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'I felt almost a calling to switch careers': Tri-C nursing student explains why she wants to join the front line

33-year-old Jill Collins, of Cleveland, says her path to nursing was marked by a twist of fate and an inner calling that emerged during a time of difficulty.

CLEVELAND — As National Nurses Week 2020 draws to a close, the next generation of nurses who will soon take their place on the front line cannot be forgotten.

33-year-old Jill Collins, of Cleveland, is someone with plans to join the profession. Her path to nursing was marked by a twist of fate and an inner calling that emerged when she faced difficulty giving birth to her daughter Sylvia in 2016.

“I had a really hard time when she was born." Collins told 3News. "My labor was hard. My pregnancy was hard and she ended up in the NICU. She wasn't feeding. She was like really lethargic. That was the most difficult experience I've ever gone through."

Collins' friend Felicia Tiller, who was at the time studying to become a nurse, was by her side through the 40-hour labor that ended with an emergency c-section and a nine day stay in the NICU for baby Sylvia.

"It's overwhelming to be a parent for the first time anyway," Tiller said. "Then when you add in that your baby's staying and you’re going home, that's very traumatic for anyone."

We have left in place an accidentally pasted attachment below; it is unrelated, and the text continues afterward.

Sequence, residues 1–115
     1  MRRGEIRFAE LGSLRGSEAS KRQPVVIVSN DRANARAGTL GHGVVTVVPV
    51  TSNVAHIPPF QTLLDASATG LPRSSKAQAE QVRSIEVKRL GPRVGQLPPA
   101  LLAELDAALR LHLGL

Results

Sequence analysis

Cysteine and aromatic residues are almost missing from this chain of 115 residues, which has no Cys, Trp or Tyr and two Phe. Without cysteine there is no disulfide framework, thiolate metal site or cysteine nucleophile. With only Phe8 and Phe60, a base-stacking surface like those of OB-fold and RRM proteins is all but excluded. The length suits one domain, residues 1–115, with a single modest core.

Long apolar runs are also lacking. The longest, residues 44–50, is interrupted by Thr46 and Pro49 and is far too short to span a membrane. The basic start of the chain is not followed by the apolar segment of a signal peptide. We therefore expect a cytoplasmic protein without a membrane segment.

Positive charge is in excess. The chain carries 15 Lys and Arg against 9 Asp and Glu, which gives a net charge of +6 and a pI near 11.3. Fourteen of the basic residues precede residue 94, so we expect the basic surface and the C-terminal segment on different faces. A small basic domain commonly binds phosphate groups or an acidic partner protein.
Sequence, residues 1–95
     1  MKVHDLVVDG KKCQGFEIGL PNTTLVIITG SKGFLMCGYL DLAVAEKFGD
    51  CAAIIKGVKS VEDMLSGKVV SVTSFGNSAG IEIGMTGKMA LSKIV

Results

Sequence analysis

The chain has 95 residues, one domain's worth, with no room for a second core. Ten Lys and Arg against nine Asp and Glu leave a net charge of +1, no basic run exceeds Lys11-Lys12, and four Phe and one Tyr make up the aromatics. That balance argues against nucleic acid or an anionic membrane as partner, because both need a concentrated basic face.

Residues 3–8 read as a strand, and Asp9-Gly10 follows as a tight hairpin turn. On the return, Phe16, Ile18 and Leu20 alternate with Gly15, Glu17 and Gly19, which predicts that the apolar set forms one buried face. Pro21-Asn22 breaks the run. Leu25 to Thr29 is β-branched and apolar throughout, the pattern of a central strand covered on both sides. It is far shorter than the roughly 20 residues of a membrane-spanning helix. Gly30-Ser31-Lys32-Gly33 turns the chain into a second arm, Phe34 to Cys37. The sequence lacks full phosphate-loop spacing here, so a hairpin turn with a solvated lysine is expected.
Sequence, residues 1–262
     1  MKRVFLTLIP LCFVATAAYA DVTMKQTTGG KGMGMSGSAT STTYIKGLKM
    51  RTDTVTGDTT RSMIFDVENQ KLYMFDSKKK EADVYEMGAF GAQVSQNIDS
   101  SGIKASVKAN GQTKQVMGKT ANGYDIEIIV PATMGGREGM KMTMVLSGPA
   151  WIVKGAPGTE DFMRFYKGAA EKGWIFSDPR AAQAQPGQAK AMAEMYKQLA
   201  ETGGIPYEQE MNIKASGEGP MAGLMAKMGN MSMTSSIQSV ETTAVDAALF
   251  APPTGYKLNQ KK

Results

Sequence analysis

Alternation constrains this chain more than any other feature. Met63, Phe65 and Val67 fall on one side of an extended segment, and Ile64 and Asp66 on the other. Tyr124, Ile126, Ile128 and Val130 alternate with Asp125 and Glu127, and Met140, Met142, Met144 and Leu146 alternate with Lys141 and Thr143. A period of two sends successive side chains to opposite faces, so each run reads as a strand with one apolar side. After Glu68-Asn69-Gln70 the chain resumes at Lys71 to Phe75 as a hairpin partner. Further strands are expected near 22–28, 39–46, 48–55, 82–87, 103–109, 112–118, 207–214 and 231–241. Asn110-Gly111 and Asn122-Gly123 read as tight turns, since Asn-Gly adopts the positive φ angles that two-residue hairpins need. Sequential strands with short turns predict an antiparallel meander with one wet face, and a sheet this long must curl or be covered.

"It wasn’t what she had planned on," David Nosse, Collins' husband, added. "It took her a long time to come to grips with that."

It also stirred something deeper.

"I was thinking about everything that we had gone through and the nurses," Collins explained. "I felt almost a calling to switch careers."

Collins, who says she already holds a bachelors and master's degree in biology, enrolled in the nursing program at Cuyahoga Community College a few months after Sylvia’s birth.  Her goal was to become like the nurses at Fairview Hospital who calmed her fears during her darkest time.

"I really hope that I can do the same thing those NICU nurses did for me," Collins said.

As she pursued her degree, Collins once again returned to Fairview to give birth to her second child Richard. This time, Tiller was able to serve as her official nurse.

"The stars just totally aligned," Tiller said. "I got to meet him, give him to his mom and go home. I think it was really a healing experience for her too."

Collins managed to finish Tri-C’s nursing program in early May of this year.

"I'm really excited to get to be a nurse," says Collins.

In a funny twist of fate, Collins, who is now preparing to take the licensure exam to become a RN, will start her new career on a neurology floor at Fairview. She plans to gain all the experience she can and later apply to work in the NICU where her journey to nursing began.

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